Another way to JIT: "dlopen from memory"

This idea has been kicked around a few times on IRC and elsewhere, and
I think it's pretty clever. The idea is to JIT by making a valid
dylib/dll/so (heceforth, dylib) with the JITed code in memory, and
then convincing the loader to load it. This is nice for the reasons
listed above.

I think it would be neat if LLVM could package up this functionality,
since it fits most use cases for the current LLVM JIT. LLVM
compilation is already heavyweight, so the overhead of linking and
loading the library shouldn't be too bad.

For now, this can be achieved by rolling your own compilation pipeline of:
1. run llc or the equivalent to make a .s in a temp dir
2. assemble it
3. link it to make a dylib in the temp dir
4. dlopen it
5. use dladdr to get the function pointer for your code

1 and 2 can already be done in memory with LLVM.

3 cannot, and doesn't look like it is on anyone's roadmap.

I think 4 may become possible on OS X, and there's this feature
request for glibc that essentially implements "dlopen from memory":
http://sourceware.org/bugzilla/show_bug.cgi?id=11767

5 is trivial.

Even a prototype of this initial JIT model that uses temporaries on
the filesystem would be useful for JIT users doing debugging or
profiling.

I don't really have time to implement this. I'm just kicking the
proverbial can down the road. I may file a feature request PR or
write up something in the style of sabre's LLVMNotes:
http://nondot.org/sabre/LLVMNotes/

Reid

Wouldn't it mean each time a function is compiled it would need to be bundled to its own dylib? How well would that scale?

Félix

Probably not well. But it depends on the application, and probably the loader.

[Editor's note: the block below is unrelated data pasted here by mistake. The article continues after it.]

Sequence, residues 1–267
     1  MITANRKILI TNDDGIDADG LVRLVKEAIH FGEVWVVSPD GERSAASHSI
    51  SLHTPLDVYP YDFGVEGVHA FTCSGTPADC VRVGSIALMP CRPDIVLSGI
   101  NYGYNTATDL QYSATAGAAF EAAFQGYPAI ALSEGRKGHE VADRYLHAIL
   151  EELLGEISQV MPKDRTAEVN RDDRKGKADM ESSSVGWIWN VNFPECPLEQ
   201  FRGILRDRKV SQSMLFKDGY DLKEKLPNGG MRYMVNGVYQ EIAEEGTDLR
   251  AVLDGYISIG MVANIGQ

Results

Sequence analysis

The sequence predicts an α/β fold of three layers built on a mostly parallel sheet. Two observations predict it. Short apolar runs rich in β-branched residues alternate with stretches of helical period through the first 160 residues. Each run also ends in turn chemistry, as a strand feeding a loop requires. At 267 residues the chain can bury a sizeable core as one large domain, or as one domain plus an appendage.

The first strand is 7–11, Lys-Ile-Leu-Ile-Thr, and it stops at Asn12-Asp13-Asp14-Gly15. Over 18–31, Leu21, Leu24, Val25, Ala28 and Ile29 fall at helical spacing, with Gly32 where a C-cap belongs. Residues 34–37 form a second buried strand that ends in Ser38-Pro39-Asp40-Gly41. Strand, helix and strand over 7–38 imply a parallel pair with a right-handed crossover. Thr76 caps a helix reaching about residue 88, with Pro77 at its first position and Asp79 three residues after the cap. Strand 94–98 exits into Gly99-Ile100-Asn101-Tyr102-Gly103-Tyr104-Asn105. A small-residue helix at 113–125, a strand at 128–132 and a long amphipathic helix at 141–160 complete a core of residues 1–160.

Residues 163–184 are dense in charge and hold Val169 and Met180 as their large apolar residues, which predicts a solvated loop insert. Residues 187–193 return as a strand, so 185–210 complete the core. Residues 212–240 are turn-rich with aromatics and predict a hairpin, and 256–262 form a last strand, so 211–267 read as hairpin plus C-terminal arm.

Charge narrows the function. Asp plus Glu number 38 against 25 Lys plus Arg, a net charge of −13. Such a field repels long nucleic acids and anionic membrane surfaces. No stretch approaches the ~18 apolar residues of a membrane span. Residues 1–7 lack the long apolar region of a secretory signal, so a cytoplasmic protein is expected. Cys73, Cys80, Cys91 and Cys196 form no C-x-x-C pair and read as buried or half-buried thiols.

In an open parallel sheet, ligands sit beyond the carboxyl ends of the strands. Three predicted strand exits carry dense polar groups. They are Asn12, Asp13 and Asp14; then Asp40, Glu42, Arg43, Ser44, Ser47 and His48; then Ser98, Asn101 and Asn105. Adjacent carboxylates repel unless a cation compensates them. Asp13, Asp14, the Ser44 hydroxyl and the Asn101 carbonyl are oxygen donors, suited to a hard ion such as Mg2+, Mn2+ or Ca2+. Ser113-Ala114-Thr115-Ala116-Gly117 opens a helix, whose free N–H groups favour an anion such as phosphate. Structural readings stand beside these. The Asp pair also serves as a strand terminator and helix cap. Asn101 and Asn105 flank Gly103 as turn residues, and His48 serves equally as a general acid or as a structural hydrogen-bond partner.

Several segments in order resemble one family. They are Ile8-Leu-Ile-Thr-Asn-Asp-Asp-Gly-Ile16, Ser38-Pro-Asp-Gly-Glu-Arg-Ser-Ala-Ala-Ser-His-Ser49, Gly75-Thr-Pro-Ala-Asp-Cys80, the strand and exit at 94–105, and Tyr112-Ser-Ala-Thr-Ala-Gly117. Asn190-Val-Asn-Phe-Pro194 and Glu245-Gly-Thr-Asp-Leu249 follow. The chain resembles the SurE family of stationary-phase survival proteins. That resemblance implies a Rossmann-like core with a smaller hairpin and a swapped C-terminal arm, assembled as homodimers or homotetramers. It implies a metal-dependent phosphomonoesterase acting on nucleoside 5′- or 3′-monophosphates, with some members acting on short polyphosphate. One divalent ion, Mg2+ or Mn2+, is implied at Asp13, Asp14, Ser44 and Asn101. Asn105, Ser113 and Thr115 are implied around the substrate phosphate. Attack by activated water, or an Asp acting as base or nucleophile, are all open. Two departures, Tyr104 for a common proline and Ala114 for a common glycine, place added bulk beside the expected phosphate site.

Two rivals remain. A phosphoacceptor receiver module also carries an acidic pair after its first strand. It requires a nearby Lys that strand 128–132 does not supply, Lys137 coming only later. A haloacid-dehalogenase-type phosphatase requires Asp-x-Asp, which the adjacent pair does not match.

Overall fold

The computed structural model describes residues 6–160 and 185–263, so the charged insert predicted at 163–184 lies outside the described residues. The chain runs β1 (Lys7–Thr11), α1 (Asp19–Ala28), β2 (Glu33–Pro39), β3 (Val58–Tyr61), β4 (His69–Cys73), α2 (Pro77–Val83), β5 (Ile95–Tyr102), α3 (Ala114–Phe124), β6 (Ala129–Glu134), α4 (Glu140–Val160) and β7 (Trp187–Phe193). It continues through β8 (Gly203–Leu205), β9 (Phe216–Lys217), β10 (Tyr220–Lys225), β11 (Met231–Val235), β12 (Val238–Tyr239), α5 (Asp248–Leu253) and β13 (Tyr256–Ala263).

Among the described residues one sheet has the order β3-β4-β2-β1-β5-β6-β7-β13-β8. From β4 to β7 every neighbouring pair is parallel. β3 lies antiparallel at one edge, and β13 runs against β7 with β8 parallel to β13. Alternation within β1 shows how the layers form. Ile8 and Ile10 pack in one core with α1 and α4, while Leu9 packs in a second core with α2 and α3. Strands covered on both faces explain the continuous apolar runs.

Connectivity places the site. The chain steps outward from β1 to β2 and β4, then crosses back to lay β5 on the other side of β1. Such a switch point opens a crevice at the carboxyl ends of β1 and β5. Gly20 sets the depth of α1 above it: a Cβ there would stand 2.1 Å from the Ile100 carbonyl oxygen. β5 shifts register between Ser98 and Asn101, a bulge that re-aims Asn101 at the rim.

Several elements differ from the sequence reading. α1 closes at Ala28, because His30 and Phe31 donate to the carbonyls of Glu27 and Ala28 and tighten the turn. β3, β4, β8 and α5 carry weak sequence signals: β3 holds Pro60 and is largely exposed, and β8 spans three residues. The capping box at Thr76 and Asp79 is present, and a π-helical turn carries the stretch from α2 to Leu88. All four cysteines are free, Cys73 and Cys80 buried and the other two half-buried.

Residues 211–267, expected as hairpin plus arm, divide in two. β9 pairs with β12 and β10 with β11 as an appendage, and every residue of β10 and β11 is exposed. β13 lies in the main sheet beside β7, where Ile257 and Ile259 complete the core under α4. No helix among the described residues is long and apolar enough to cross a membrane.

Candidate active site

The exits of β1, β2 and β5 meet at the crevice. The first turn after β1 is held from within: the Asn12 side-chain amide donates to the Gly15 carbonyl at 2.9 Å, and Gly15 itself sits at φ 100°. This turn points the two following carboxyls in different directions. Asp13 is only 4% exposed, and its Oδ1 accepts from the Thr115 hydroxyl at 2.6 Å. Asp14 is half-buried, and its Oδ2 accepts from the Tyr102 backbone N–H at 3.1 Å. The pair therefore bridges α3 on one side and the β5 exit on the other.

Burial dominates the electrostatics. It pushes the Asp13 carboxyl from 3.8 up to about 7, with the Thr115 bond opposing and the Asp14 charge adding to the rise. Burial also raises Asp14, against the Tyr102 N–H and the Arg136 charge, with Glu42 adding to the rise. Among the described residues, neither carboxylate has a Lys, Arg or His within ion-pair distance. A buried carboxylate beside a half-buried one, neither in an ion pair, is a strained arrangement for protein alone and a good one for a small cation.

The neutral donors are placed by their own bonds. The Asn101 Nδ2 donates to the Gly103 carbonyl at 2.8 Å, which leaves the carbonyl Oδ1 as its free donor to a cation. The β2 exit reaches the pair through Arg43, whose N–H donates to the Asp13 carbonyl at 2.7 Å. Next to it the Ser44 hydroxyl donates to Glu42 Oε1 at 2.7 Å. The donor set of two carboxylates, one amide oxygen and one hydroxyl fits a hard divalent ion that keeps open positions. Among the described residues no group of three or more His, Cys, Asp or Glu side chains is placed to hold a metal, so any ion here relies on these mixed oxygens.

Some applications (OpenCL comes to mind) have the bitcode ready to go
as soon as they start. The only reason they use the JIT is because
they want to compile the code to run fast on the available hardware.

It really depends on how often the application wants to generate code,
which for some people may not be that often.

This is a new model that doesn't really fit with the current
interface, but it could be made to work. I just wanted to throw the
idea out for discussion and to gauge interest.

Reid

Some applications (OpenCL comes to mind) have the bitcode ready to go
as soon as they start. The only reason they use the JIT is because
they want to compile the code to run fast on the available hardware.

If your code never changes and you just want to use target specific
optimizations, can you just statically compile as an installation
step?
I think most applications using JIT (excluding .NET implementations --
which explains popularity of ngen) are at least building the code from
basic bitcode blocks based on some dynamic configuration, if not
generating the whole thing dynamically.

Eugene